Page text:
Support for Learning. Examples of Areas of Good Practice in Glasgow Primary Schools ( North of the River)


As the Custtad approach in the Clinic was being evaluated, I was spending time each week in the facility in Royston Primary School, Glasgow. Two documents associated with the work in Glasgow were produced during that time and they will be boxed along with those already mentioned


In the first of these, Support for Learning, Custtad received only a mention, but as a formal recognition of our work we appreciated it. It came about as a result of a visit to the Royston facility by two Special Education Needs Development Coordinators. In the booklet which was produced in 2000, the coordinators expressed the hope that the reader would find it 'a useful source of


The second document is commented on below


Custtad in Glasgow


The subtitle includes the words 'observations on an attempt to interest Head Teachers of Glasgow Primary Schools in the CUSTTAD'. And in the front matter are the words, 'As evidence of the gulf which can arise between aspiration and implementation, this project may well provide an excellent example'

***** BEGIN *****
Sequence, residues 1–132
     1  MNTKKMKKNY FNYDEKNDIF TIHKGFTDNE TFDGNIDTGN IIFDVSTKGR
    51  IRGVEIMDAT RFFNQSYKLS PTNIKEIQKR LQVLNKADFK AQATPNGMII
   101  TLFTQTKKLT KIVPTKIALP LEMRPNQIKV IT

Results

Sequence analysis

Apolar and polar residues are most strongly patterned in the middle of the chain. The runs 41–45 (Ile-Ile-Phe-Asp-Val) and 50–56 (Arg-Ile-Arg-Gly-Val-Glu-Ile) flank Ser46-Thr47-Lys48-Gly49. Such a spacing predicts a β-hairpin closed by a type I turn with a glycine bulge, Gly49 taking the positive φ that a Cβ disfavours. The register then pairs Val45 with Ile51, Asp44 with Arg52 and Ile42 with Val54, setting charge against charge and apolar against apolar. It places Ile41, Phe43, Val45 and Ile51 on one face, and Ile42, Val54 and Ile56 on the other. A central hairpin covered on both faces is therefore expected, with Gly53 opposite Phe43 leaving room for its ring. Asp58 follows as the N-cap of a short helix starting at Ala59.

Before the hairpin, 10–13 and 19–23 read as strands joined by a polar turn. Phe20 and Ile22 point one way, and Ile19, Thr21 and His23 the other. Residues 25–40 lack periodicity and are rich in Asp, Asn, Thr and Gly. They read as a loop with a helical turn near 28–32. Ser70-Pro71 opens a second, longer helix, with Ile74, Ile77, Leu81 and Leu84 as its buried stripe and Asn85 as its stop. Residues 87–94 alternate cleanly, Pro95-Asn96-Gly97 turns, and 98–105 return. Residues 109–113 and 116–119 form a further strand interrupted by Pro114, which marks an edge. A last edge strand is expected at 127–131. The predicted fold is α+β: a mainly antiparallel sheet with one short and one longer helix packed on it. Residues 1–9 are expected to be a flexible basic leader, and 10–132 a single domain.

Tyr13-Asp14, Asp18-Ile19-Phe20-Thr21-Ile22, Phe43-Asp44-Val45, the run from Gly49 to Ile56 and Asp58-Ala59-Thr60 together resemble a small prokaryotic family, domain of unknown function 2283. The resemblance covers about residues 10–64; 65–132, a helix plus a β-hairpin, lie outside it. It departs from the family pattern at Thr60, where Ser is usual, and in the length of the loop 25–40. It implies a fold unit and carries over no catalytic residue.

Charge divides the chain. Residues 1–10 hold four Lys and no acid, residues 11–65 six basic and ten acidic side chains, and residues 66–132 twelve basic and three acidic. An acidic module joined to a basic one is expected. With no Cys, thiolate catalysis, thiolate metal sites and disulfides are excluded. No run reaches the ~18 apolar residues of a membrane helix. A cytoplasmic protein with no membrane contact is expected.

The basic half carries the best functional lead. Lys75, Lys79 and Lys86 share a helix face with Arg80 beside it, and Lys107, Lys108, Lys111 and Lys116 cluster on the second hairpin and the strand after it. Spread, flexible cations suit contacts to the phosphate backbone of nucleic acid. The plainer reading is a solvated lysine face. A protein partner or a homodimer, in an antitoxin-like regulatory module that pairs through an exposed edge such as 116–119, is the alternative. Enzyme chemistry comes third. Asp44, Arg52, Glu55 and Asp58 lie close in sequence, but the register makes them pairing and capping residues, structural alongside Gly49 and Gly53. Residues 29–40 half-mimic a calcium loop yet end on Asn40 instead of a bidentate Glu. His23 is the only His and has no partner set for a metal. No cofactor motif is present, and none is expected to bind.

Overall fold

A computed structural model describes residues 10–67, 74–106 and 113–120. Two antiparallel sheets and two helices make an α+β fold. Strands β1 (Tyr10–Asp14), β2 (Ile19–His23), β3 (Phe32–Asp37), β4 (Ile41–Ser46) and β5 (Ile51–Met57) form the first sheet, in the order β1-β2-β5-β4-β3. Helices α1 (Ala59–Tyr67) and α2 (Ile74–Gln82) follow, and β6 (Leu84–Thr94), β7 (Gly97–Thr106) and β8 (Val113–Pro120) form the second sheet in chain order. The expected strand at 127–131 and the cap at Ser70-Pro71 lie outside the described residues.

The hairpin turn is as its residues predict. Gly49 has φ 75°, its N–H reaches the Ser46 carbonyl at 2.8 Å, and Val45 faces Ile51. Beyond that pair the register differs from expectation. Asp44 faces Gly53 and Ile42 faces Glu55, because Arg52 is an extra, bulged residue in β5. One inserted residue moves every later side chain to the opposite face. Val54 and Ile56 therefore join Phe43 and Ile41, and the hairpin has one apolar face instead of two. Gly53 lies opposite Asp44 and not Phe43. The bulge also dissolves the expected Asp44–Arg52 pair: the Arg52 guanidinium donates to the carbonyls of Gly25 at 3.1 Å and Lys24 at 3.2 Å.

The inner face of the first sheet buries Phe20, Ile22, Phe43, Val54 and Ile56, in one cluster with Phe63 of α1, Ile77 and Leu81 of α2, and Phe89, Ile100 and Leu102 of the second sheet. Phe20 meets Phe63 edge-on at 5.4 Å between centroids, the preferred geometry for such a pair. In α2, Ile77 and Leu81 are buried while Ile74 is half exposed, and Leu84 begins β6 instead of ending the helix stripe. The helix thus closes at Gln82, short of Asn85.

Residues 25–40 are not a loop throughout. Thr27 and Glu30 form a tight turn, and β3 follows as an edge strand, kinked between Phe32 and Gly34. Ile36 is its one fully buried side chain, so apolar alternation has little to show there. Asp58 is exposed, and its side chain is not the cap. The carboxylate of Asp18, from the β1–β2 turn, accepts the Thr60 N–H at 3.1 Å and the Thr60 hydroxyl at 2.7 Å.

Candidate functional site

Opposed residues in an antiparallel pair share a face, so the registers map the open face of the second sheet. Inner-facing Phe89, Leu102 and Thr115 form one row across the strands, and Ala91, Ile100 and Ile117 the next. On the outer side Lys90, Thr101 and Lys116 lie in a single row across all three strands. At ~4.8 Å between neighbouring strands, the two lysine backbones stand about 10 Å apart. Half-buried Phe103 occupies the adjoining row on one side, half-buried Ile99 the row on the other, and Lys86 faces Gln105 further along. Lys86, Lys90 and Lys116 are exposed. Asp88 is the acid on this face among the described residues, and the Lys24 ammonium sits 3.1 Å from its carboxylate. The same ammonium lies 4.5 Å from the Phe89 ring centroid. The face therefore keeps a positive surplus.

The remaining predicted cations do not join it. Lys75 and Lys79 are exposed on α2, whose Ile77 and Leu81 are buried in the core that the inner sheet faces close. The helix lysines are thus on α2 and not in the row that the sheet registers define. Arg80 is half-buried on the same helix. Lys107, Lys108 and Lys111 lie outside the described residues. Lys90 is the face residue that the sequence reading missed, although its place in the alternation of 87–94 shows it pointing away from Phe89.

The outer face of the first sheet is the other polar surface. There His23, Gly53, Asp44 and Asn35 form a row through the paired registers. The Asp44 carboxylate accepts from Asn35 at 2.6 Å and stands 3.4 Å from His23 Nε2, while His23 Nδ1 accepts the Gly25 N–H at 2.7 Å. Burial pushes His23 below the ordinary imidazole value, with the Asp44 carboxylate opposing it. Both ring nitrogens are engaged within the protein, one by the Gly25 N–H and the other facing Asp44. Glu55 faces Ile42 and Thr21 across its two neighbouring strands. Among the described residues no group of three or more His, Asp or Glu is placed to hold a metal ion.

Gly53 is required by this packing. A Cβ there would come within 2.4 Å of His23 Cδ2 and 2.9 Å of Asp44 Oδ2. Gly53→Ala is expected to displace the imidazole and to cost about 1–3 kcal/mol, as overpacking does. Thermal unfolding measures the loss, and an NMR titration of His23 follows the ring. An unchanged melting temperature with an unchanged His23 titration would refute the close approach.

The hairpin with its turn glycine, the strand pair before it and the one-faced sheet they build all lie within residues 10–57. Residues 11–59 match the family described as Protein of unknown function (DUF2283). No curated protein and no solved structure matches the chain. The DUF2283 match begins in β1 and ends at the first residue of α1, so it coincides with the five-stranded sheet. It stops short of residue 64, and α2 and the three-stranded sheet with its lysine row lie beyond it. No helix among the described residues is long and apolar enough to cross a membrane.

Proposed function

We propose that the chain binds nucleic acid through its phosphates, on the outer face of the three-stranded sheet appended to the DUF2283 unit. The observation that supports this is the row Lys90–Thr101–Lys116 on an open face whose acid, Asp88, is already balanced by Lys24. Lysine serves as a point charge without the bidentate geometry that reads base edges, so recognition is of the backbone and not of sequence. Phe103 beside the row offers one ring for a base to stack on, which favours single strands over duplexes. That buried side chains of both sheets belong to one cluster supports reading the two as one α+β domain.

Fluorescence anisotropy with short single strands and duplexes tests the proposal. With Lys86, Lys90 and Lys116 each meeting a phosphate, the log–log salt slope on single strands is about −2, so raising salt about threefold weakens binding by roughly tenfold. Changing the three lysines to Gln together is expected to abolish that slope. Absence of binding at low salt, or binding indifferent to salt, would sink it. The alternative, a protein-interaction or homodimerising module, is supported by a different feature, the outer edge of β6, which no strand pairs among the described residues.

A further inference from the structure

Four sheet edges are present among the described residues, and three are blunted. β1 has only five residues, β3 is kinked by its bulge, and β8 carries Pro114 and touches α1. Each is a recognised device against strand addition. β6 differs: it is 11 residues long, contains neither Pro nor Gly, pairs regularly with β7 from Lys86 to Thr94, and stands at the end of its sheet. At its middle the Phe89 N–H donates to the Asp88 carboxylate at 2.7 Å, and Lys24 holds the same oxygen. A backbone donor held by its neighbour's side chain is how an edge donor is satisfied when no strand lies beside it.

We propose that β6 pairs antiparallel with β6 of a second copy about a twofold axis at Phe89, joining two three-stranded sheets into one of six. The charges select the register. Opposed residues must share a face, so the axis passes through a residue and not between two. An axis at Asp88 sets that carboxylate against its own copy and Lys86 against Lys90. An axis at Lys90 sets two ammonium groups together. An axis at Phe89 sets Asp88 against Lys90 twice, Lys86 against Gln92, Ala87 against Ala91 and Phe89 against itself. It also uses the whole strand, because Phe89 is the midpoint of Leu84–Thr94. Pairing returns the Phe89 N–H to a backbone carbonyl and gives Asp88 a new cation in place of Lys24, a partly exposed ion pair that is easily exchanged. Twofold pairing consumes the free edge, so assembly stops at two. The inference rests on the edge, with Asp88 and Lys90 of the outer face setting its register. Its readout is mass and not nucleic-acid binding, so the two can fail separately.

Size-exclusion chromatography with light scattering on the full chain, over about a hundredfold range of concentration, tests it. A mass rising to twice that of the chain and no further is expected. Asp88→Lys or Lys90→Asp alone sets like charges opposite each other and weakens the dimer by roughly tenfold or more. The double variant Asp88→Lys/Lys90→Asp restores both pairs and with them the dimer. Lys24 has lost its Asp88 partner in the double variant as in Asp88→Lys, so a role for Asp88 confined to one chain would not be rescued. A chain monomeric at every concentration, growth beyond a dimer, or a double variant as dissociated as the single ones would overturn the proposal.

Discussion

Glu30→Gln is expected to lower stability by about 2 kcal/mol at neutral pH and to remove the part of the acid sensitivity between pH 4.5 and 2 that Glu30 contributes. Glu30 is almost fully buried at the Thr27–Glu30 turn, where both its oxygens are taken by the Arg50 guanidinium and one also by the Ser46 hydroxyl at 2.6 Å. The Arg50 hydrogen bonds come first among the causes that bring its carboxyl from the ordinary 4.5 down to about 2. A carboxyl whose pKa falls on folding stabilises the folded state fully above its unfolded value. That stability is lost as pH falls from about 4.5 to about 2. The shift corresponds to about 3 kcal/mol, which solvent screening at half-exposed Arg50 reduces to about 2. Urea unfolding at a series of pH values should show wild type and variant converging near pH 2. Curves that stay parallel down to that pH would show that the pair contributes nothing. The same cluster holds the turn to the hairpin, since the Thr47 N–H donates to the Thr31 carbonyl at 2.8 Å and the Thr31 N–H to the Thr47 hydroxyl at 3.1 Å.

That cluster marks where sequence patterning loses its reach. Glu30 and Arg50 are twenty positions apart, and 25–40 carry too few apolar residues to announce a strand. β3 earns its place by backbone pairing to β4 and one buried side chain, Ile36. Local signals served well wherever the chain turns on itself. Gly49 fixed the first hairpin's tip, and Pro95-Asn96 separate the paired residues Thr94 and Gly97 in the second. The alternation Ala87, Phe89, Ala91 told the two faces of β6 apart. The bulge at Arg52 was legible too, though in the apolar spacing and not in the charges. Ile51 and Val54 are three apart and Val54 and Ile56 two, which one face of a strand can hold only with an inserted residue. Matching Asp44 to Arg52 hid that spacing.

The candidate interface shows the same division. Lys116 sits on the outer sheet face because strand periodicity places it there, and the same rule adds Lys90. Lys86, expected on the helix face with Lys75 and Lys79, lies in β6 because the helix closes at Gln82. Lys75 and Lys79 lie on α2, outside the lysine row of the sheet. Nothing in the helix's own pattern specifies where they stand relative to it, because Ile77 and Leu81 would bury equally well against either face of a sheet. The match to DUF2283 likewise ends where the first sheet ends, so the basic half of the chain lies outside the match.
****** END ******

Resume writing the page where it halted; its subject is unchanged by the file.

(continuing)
Although in some respects this could be described as a rather disheartening enterprise, it was one from which we learned a great deal

We had obviously failed to adequately describe the kind of space which would be required to house a Custtad facility or to emphasise sufficiently the amount of time and effort which would be required to establish the approach during the initial phase of its implementation


We were however able to draw extensively on the experience and to make significant improvements in our subsequent presentations about the work


This document covers in detail the various visits and communications which took place on the road to the project's demise. If nought else it is an interesting read